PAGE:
A huge amount of agricultural land or renewable electricity would be required to produce the sustainable fuel needed to deliver net-zero emissions for the UK’s aviation sector.
That is according to a new report from the Royal Society, which warns that there is “no single, clear, sustainable alternative to jet fuel” able to support flying at today’s levels with net-zero emissions.
It estimates that meeting existing aviation demand entirely with biofuels would require around half of UK agricultural land, while producing sufficient green hydrogen fuel would require 2.4 - 3.4 times the country’s wind and solar electricity generated in 2020.
The findings underscore the challenges of decarbonising the growing aviation sector, which last year agreed a ‘long-term aspirational goal’ for net-zero emissions by 2050.
“Research and innovation are vital tools for the delivery of net zero,” said Professor Graham Hutchings, Regius Professor of Chemistry at Cardiff University, and chair of the report’s working group.
“But we need to be very clear about the strengths, limitations, and challenges that must be addressed and overcome if we are to scale up the required new technologies in a few short decades.”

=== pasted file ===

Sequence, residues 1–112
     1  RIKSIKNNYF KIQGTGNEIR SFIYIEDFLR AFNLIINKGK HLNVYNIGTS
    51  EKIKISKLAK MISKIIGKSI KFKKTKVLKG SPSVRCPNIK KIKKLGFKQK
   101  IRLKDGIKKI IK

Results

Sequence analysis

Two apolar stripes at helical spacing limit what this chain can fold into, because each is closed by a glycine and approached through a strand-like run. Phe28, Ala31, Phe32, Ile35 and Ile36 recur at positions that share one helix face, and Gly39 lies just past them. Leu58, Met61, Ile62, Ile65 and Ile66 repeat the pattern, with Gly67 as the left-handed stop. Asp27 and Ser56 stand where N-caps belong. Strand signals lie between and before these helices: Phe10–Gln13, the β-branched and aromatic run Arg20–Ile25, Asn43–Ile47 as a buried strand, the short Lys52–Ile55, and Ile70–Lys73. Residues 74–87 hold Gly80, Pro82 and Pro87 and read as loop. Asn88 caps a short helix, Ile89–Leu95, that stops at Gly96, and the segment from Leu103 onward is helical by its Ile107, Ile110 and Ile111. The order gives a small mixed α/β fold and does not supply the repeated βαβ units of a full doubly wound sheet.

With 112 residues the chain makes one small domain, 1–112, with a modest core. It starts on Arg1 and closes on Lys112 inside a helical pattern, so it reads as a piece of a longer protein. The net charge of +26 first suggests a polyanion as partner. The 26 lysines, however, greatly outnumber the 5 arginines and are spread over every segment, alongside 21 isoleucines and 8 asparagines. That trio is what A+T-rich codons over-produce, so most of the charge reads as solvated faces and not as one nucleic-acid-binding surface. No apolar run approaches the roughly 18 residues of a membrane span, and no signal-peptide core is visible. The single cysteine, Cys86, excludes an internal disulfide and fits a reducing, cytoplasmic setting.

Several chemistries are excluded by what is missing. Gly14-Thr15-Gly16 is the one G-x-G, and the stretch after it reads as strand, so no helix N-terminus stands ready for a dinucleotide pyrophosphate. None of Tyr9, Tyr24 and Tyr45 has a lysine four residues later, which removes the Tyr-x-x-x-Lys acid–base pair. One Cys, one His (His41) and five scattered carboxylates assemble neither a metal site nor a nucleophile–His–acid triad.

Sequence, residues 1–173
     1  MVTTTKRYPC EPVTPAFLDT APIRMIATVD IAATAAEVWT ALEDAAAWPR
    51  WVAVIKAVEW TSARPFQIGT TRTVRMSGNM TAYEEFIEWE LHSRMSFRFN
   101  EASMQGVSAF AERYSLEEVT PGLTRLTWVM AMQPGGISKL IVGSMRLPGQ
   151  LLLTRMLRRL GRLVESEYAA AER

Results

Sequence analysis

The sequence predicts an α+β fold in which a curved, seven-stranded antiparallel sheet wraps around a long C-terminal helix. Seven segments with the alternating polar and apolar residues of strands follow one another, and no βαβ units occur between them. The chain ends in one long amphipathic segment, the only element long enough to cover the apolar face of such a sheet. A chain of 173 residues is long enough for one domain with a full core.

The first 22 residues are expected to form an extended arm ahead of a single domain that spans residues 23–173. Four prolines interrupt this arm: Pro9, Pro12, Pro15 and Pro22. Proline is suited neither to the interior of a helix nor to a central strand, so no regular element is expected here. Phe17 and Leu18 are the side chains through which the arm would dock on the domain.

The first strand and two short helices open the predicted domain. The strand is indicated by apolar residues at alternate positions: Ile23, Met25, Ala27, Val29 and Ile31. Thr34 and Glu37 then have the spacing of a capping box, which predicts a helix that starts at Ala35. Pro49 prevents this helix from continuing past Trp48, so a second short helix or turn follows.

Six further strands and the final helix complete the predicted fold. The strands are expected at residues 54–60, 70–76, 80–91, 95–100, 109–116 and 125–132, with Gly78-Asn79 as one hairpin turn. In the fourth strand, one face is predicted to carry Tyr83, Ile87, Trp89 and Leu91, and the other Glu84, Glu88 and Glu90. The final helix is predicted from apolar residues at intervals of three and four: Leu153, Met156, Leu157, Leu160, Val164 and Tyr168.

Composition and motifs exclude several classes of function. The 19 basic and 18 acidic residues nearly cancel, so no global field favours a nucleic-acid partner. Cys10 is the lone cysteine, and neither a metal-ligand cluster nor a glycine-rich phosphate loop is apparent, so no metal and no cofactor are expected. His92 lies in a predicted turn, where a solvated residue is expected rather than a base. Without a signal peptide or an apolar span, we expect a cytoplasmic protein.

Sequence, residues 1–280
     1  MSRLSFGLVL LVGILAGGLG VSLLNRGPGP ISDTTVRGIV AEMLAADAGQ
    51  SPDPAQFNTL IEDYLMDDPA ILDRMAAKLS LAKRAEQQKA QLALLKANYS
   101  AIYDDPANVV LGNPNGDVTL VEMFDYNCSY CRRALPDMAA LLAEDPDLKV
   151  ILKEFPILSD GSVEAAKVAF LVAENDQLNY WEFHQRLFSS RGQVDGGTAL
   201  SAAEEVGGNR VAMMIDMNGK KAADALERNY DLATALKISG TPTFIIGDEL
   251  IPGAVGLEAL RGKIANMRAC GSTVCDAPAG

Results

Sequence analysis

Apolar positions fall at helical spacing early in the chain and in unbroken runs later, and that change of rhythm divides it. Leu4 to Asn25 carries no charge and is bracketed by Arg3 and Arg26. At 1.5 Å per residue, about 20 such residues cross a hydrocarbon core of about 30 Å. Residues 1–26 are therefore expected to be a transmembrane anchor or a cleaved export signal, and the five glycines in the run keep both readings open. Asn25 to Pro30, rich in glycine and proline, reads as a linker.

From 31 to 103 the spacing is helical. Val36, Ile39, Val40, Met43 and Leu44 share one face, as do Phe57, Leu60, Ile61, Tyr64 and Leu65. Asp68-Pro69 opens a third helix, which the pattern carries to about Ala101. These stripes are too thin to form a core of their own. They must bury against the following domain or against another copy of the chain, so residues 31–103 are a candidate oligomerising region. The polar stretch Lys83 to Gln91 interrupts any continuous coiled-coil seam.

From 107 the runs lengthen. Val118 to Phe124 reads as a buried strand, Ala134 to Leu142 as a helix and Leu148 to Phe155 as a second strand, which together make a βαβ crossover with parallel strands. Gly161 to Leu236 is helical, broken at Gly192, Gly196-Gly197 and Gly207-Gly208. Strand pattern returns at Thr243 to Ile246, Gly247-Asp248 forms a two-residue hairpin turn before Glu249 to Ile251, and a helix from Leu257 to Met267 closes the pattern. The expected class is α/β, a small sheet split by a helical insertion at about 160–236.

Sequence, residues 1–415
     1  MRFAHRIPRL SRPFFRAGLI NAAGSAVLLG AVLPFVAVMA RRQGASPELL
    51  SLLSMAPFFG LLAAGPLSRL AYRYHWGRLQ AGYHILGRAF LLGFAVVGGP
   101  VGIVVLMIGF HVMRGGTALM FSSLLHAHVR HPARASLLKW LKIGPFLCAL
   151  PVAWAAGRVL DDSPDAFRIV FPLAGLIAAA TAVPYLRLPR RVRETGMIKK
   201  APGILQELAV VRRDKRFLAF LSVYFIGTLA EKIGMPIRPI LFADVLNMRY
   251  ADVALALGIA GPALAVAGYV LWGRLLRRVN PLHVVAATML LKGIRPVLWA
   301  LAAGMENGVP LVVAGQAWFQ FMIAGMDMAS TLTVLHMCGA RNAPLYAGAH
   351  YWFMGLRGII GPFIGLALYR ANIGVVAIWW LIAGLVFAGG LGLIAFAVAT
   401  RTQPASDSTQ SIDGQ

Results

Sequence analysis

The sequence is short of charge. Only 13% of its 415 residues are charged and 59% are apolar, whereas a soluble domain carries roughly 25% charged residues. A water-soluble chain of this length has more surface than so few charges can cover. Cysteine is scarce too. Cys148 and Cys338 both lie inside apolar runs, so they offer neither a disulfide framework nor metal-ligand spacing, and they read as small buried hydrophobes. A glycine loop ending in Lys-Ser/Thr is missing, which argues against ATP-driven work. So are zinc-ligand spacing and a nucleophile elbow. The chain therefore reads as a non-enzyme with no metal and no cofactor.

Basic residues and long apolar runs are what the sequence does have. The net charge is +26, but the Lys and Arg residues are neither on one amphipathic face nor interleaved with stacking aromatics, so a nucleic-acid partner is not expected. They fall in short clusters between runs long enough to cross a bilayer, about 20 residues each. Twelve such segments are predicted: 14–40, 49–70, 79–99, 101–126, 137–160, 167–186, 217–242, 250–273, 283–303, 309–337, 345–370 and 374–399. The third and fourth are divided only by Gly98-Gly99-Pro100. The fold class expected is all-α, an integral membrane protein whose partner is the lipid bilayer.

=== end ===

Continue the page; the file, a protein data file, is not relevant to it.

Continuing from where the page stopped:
UK aviation – both international and domestic – accounted for 8% of the country's greenhouse gas emissions in 2019, while global aviation CO2 emissions represented 2.4% of the world's total.
The Royal Society report explores resource availability challenges, likely costs, life-cycle impacts, infrastructure requirements and outstanding research questions across green hydrogen, biofuels, ammonia and synthetic fuels.
It also identifies significant research requirements in scaling up net-zero fuels, from storage and handling, to environmental impacts.
Addressing these challenges requires global coordination, particularly for navigating the transition period between current and future generation aircraft, according to the report.
“How fossil fuel alternatives are produced is critical, as is how we measure their sustainability across the entire cycle of their use,” said Professor Marcelle McManus, Director of the Institute for Sustainability at the University of Bath.
“We need consistency, and we need to apply this globally, because adopting any of these new technologies will create demands and pressures for land, renewable energy or other products that may have knock on environmental or economic effects.”
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